The lifelong bachelor stayed in New York after his career ended. He had opened up his first restaurant, Rusty’s, in 1977 and followed that up with a second, Rusty Staub’s on Fifth, in 1989. (Both closed in the 1990s.) He was a radio and television broadcaster for Mets home games from 1986 to1995, providing color commentary with Ralph Kiner and Tim McCarver. He received a World Series ring from Mets general manager Frank Cashen after New York won it all in 1986.

The honors accumulated for Staub after he retired. The Mets had Rusty Staub Day on July 13, 1986, to acknowledge his contributions to the team and he was inducted into the Mets Hall of Fame. He also became the first Expo to have his number retired, in 1993. He has been enshrined in the Louisiana Sports Hall of Fame (1989), the Texas Baseball Hall of Fame (2006), and the Canadian Baseball Hall of Fame (2012). Staub also received an honorary doctor of humane letters degree in 2004 from Niagara University.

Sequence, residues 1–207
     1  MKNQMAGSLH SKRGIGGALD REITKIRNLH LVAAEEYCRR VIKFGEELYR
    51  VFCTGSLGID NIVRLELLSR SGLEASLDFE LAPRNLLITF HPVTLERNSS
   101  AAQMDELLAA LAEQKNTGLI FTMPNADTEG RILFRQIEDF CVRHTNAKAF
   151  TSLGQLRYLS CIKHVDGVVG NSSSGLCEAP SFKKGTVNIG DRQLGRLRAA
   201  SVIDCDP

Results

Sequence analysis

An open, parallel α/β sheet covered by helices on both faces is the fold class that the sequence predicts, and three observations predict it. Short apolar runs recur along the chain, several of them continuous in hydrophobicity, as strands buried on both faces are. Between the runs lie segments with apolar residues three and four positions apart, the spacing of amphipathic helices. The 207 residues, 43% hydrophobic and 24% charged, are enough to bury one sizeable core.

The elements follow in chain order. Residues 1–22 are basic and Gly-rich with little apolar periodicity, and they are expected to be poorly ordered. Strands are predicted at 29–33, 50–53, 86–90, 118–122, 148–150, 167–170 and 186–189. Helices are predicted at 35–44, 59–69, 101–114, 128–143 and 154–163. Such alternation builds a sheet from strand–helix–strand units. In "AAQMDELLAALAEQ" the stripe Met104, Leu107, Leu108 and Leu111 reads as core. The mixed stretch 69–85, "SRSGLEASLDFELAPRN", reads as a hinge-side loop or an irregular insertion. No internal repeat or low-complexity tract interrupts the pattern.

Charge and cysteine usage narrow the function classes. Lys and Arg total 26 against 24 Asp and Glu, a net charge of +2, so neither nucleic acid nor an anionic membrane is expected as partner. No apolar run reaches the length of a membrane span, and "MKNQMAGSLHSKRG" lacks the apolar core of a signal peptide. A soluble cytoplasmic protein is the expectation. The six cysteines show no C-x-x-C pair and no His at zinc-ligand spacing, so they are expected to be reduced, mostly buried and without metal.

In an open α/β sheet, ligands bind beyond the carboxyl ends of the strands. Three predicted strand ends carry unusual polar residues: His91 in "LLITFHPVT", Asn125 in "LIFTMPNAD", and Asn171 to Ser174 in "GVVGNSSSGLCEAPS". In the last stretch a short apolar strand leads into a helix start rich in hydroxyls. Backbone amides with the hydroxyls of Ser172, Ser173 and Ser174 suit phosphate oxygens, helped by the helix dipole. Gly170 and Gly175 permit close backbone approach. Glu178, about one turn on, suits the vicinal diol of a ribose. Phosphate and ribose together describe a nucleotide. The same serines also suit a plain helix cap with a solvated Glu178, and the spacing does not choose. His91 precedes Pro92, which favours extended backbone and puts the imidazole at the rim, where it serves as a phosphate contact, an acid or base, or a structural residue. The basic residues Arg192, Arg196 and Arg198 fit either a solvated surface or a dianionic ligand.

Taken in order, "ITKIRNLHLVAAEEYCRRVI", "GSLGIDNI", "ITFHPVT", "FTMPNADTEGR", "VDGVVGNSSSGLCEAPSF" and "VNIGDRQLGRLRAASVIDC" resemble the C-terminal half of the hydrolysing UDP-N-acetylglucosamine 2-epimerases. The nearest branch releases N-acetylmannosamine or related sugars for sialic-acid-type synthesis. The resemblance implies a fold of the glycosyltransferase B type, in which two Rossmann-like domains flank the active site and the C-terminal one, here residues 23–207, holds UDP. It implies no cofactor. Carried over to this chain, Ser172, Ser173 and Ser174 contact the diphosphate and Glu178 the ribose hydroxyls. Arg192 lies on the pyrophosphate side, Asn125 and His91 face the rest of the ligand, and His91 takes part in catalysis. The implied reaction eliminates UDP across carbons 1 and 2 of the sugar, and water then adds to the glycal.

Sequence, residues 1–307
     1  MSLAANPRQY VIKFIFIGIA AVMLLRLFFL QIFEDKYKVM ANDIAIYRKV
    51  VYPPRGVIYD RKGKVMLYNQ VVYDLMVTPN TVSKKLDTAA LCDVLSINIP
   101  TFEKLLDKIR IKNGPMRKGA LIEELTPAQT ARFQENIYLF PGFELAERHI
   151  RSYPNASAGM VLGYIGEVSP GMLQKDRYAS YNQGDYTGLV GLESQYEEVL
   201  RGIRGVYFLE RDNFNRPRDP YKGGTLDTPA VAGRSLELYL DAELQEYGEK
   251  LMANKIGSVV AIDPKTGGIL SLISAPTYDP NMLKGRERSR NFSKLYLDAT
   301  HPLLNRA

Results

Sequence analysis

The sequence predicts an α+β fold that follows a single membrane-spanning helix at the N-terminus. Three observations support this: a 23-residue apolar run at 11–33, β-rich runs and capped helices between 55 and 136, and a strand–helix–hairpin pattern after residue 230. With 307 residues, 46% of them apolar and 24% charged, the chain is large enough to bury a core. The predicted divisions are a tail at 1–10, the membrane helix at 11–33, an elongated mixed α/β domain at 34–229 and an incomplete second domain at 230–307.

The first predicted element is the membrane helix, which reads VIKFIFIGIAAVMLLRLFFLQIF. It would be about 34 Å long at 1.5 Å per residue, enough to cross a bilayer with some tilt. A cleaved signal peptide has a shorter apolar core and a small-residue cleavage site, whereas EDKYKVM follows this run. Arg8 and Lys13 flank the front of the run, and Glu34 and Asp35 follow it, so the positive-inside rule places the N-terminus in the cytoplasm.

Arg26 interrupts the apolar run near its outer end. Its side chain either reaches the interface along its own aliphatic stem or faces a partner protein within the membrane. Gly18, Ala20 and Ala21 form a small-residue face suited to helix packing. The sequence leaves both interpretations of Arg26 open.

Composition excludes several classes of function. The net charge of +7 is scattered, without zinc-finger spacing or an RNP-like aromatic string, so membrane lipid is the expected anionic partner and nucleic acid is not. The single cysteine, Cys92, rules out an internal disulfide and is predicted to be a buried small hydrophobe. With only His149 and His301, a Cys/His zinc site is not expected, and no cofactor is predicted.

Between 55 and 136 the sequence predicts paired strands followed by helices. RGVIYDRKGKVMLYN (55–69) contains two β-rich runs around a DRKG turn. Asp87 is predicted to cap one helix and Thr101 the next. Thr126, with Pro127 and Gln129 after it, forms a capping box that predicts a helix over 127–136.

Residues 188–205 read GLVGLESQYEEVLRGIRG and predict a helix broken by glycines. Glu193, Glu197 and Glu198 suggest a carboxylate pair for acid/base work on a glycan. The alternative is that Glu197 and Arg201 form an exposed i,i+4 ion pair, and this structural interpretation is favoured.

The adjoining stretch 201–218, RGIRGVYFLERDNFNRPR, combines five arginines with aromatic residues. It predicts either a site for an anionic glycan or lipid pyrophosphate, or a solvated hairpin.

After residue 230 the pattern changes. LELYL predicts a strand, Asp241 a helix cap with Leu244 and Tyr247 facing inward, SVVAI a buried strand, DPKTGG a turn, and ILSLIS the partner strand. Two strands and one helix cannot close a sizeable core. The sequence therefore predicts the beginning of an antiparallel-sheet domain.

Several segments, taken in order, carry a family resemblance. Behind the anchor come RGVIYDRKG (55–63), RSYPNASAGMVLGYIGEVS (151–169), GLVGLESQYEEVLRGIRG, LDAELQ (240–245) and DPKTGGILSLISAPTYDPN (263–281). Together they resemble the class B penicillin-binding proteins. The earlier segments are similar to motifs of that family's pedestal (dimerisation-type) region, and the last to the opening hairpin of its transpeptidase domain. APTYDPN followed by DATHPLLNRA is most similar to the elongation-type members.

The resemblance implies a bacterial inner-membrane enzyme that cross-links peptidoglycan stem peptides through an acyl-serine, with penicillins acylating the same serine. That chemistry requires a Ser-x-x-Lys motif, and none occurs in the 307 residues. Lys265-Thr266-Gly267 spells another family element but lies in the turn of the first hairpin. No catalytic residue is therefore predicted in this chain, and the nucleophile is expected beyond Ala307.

Staub also gives back to the community through two foundations he started while still playing. In 1984 he created the New York Police and Fire Widows and Children Benefit Fund to raise money for the families of first responders killed in the line of duty. The following year he started the Rusty Staub Foundation, which provides food pantries for underprivileged children in New York.

On October 2, 2015, Staub suffered a heart attack on a flight from Ireland to New York. He recovered well enough to throw out the ceremonial first pitch at the third game of the National League Division Series at Citi Field between the Mets and the Los Angeles Dodgers on October 12.

 

This biography is included in the book "The 1986 New York Mets: There Was More Than Game Six" (SABR, 2016), edited by Leslie Heaphy and Bill Nowlin.

 

Sources

In addition to the sources cited in the Notes, the author also consulted:

Berkshire Eagle (Pittsfield, Massachusetts)

Bonham (Texas) Daily Favorite.

 Cashen, J. Frank. Winning in Both Leagues: Reflections From Baseball’s Front Office (Lincoln: University of Nebraska Press, 2014).

CBS New York.

Daytona Beach Morning Journal.

Kingston (New York) Daily Freeman.

Knowla.org.

New Orleans Times-Picayune.

New York Post.

New York Times.

Ottawa Journal.

Palm Beach Post.